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History

ABERFRAW (ABER-FRAW), a parish, and formerly a market-town, in the union of Anglesey, hundred of Malltraeth, county of Anglesey, North Wales, 9 miles (S. W.) from Llangevni. This place, which derives its name from its situation at the mouth of the small river Fraw, was distinguished at a very early period as the principal residence of the ancient princes of North Wales. The church, dedicated to St. Beuno, is an ancient structure, 20 yards in length and 12 in breadth, containing 800 sittings. In the tything of Tyndryval anciently stood a chapel designated Capel Mair, or "St. Mary's chapel." There are places of worship for Calvinistic and Wesleyan Methodists. A ruined chapel, called Eglwys y Beili, was rebuilt for a school, in 1729.[1]

fckLRfckLR*Aberffraw (ocasionally spelled Aberffo; Abar Fraw; Aber-Fraw) is a parish and market town in Anglesey, Wales. ABERFFRAW, a parish in the hundred of Malltraeth, in the county of Anglesey, North Wales, 16 miles S.W. of Beaumaris. It is a station on the Holyhead railway. Bangor is the post town.To learn additional information about this parish go to Genuki.org.uk.<br> fckLR*An Anglesey time line highlights history from 1282 to the 2010.fckLRfckLR== Administration ==fckLRfckLR{| width="75%" border="1" cellspacing="0" cellpadding="3"fckLR|-fckLR| Years fckLR| CountyfckLR|-fckLR| Pre 1536 fckLR| GwyneddfckLR|-fckLR| 1536 - 31 Mar 1974 fckLR| AngleseyfckLR|-fckLR| 1 Apr 1974 - 31 Mar 1996 fckLR| GwyneddfckLR|-fckLR| Post 1996 fckLR| AngleseyfckLR|}fckLRfckLR<br> fckLRfckLR{| width="75%" border="1" cellspacing="0" cellpadding="3"fckLR|-fckLR| Type of Jurisdiction fckLR| NamefckLR|-fckLR| Hundred fckLR| MalltraethfckLR|-fckLR| Church of England/ Church in Wales Diocese fckLR| BangorfckLR|-fckLR| Civil Registration District fckLR| AngleseyfckLR|}fckLRfckLR<br> fckLRfckLR== What Do You Want to Find? ==fckLRfckLRTo start your search, decide when your ancestor lived. If he or she lived between 1837-1911, start by searching civil registration and census records. If they lived before 1837, use church records and probate records. Read more about these records below. fckLRfckLR== Records ==fckLRfckLR=== Civil Registration ===fckLRfckLRBirth, marriages and deaths were kept by the government, from July 1837 to the present day. The civil registration article tells more about these records. Several Internet sites list names or indexes to the records, including: fckLRfckLR*FreeBMD fckLR*Ancestry.co.uk fckLR*findmypast fckLR*TheGenealogist.co.ukfckLRfckLR=== Church records ===fckLRfckLR=== Census records ===fckLRfckLRCensus for the entire country was started in 1841 and continued every ten years. The most recent census available to the public is 1911. Learn more about these records, including the information given in them, by reading the census article. fckLRfckLR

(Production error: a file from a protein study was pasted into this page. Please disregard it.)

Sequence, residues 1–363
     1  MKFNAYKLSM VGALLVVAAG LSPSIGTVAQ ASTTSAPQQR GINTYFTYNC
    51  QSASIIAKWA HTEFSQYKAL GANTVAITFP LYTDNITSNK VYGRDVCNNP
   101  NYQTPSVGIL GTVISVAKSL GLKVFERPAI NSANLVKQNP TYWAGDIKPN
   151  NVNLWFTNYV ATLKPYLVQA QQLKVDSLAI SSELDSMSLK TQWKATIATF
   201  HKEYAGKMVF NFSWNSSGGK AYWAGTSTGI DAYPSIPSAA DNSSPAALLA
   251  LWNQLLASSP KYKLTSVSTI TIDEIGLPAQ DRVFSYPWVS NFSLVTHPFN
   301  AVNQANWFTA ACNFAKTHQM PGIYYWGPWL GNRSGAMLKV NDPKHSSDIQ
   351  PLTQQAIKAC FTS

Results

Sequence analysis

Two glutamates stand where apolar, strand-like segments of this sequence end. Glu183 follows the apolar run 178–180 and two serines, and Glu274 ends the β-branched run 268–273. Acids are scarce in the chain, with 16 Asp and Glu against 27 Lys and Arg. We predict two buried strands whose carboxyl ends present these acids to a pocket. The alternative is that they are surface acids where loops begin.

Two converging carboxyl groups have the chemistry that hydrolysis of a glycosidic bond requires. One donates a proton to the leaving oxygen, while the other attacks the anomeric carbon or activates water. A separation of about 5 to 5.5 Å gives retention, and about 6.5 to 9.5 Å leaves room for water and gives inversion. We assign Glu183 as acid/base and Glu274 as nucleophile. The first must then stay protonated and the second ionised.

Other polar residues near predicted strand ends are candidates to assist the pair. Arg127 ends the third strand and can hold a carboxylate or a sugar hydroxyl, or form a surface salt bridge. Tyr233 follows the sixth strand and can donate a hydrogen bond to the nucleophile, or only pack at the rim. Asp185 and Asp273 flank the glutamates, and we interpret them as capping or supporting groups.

Census records from 1841 to 1911 are available online. For access, see England Census Records and Indexes Online. Census records from 1841 to 1891 are also available on film through a Family History Center or at the Family History Library. The first film number is 464296.

fckLRfckLR=== Probate records ===fckLRfckLRRecords of wills, administrations, inventories, indexes, etc. were filed by the court with jurisdiction over this parish. Go to Anglesey Probate Records to find the name of the court having primary jurisdiction. Scroll down in the article to the section Court Jurisdictions by Parish. fckLRfckLR== Maps and Gazetteers ==fckLRfckLRMaps are a visual look at the locations in Wales. Gazetteers contain brief summaries about a place. Here is a link to a web site with gazetteers and maps. fckLRfckLR*Vision of BritainfckLRfckLR== Web sites ==fckLRfckLR fckLRfckLR</ref> 

References

  1. Lewis, Samuel A., A Topographical Dictionary of Wales (1849), pp. 1-12. Adapted. Date accessed: 21 August 2014.

 

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  • This page was last modified on 4 February 2015, at 18:26.
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